OTTAWA - The federal border agency is bowing to privacy concerns by agreeing to slash the amount of time it will keep data on the cross-border movements of Canadians as part of a new security plan.
The Canada Border Services Agency says it plans to retain personal details gleaned from the Canada-U.S. initiative for 15 years — not 75 — following pressure from the federal privacy watchdog.
The tracking system involves exchanging entry information collected from people at the land border — so that data on entry to one country would serve as a record of exit from the other.
The federal government plans to use the data for purposes ranging from catching unemployment insurance cheats to ensuring people ineligible to stay in Canada have left the country.
The first two phases of the program were limited to foreign nationals and permanent residents of Canada and the United States, but not citizens of either country.
The program was to be expanded next Monday to include information sharing on all travellers. In addition, Canada hoped to begin collecting information on people exiting by air — something the United States already does — by requiring airlines to submit passenger manifest data for outbound international flights.
The government says the airline data could help identify sex offenders planning to travel abroad or extremists off to join foreign conflicts such as the one raging in Syria, where young Canadians have already been killed.
The government's June 30 deadline for those elements will be missed because legislative and regulatory changes still need to be made, federal and industry officials say.
The entry-exit initiative is a key element of the highly touted perimeter security deal intended to help ease the passage of travellers and cargo across the Canada-U.S. border while bolstering continental security.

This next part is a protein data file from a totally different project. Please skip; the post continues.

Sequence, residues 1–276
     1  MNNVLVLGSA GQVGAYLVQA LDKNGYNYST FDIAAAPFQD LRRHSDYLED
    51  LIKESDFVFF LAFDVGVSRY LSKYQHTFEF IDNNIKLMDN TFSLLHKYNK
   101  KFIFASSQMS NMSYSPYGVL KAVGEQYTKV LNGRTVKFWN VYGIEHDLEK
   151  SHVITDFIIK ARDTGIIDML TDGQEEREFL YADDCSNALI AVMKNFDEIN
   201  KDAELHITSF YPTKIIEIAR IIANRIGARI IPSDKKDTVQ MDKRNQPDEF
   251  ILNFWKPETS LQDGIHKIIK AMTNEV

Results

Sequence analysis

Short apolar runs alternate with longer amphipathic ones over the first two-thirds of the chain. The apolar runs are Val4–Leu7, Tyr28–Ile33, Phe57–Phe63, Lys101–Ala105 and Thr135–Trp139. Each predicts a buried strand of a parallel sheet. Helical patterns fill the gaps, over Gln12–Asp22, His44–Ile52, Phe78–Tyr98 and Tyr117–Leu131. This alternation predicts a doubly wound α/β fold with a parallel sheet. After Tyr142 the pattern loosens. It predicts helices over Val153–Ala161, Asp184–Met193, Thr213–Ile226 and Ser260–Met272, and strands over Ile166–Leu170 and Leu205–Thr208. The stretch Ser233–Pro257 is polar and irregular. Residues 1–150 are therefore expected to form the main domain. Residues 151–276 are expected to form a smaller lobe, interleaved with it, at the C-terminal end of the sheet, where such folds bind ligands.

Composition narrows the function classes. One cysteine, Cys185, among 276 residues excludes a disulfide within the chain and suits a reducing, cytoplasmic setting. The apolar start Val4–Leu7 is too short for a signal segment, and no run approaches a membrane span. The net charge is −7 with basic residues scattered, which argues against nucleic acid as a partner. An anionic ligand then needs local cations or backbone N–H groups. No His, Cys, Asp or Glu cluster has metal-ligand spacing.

Preliminary results of the second phase of the initiative, which began early last summer, demonstrate the program "is working as intended," say border agency briefing materials obtained by The Canadian Press under the Access to Information Act.
For the period June 30 to Sept. 30, 2013, 1.29 million entry records were received from the United States and Canada sent 1.34 million to the Americans.
A comparison of the data against the databases of Canada's border agency revealed that 20 people subject to active immigration warrants or removal orders had left Canada, say the materials prepared last November. At last count, that led to four warrants being cancelled.
The privacy commissioner's office had expressed concern about plans to keep information for 75 years and asked the border agency to review the "lengthy retention period."
For future phases, Canada will keep personal information on all travellers for 15 years in "personalized" form and for another 15 years stripped of personal details, for a total of 30 years, the briefing notes say.
The privacy watchdog's office is pleased with the development, spokeswoman Valerie Lawton said Wednesday.
Still, it has asked the border agency to provide a justification for the newly proposed retention period when it submits detailed privacy assessments of the program's next stages, she said.
However, the U.S. has indicated it plans to keep information collected under the program for anywhere from 15 to 75 years — or possibly longer — depending on the circumstances.
The Canadian border agency sent a letter to the acting chief privacy officer of the U.S. Department of Homeland Security recommending signs be posted at U.S. land border crossings — as Canada had done on its side of the border — informing travellers of the data collection.
Homeland Security did not respond to questions about the next phase of the project.
The Canada Border Services Agency confirmed that "legislative and regulatory changes are required" before the full exchange of data on Canadian and American travellers takes place.
Additional information on the proposed changes will be provided "when legislation is tabled," border agency spokeswoman Patrizia Giolti said in an email response to questions.
It is difficult to gauge the usefulness of the cross-border information exchanges or to know if the privacy protections will prove adequate, said Christopher Sands, a senior fellow at the Washington-based Hudson Institute, an independent research organization.
"We haven't really got any evidence one way or the other about how this data is being used and whether there's any sort of problem."
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